New Hebrides - 1897 - Private Local Post
Australasian New Hebrides Company - Interisland Postage - Stamps






bild N.H.C.1 N.H.C.2
N.H.C.2a N.H.C.2b

1d and 2d shade varieties.

 
Quantities:
 
   
1d
 
2d
sold before 1912  
100,000
 
 
26,000
 
dealer stock 1912  
140,000
 
94,000
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The stamps were lithographed in 2 operations, and each stamp is slightly different. Shades occur of the vignette and the frame on both values. Frame varieties are more common in the 2d. Vignette varieties common to both values are found in similar positions. Evidence of weak transfers show as white patches varying in intensity in the left middle sky.
In the "Santo" collection there existed a corner block of 30 from top-right of sheet which is completely imperforate was supposed to be one quarter of the only known imperforate sheet. bild

N.H.C.1
N.H.C.1

Two plate blocks from top left of sheet. (Klinger coll.) bild

Color trials of the 1d stamp. ("Mele" coll.) bild

Original sketch by Mr. Basset Hull ("DEG" coll).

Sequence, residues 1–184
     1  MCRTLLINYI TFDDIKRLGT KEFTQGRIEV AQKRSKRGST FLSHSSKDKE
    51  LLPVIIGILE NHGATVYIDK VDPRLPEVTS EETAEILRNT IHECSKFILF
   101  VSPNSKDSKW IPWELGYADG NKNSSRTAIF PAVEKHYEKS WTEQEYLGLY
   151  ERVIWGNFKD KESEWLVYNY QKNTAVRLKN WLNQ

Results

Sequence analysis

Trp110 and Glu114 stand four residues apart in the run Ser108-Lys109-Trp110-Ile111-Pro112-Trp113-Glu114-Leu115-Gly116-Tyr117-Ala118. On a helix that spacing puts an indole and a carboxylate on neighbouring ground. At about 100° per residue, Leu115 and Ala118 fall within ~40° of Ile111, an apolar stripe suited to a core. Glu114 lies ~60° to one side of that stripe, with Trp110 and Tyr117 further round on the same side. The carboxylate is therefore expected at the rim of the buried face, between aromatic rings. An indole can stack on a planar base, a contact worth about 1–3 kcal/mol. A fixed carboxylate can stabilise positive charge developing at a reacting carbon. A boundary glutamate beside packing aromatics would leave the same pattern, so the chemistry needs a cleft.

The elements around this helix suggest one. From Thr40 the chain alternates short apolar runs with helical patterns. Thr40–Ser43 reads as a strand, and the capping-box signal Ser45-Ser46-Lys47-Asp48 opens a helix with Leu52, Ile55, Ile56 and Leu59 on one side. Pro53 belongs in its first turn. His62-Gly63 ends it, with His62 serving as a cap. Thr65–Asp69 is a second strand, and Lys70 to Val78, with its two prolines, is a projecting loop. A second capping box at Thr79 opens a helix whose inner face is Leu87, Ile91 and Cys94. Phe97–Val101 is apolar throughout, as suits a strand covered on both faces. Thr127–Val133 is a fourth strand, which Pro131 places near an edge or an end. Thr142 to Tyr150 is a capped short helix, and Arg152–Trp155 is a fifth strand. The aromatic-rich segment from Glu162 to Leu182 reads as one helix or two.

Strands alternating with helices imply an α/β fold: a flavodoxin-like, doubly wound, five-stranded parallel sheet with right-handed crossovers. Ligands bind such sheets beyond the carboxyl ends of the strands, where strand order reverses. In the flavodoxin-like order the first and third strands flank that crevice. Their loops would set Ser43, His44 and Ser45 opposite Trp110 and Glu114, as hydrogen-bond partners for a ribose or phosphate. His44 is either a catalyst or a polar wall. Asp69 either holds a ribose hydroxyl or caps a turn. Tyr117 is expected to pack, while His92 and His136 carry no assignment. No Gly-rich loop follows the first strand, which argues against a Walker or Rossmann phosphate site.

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The stamps were designed by Arthur Francis Basset Hull (1862 - 1945), and printed by John Sands & Co., Sydney. The date of issue has been stated to be March 17, 1897, but we have seen cancellations of 1896, which, however, may be due to an inverted 9 in the date."

Inter-island postal rates were: Letters, 1d. per ½ oz.; printed matter 1d per 4 oz.; parcels 1d per 8 oz.; newspapers 1d.; registration fee 2d.; stamps of New South Wales applied at Port Vila paid collection and delivery charges at Sydney.

from: "Billig's Philatelic Handbook", Volume 04, page 205.

Arthur Francis Basset Hull (image "Mele" coll).

bild war postage 1 war postage 1

These two stamps, which surfaced in British auctions in 2002, can only be named "products of phantasy". There was much trouble all over the place in the New Hebrides in these times but no war. Somebody used a typewriter to "overprint" these mint stamps and as it is difficult to type on a tiny piece of paper the characters line up on the stamp like tumbleweed on a Texas Highway. Maybe the "printer" was the same person who "overprinted" the 1911 2d stamps in red typing on a July 27, 1921 cover.

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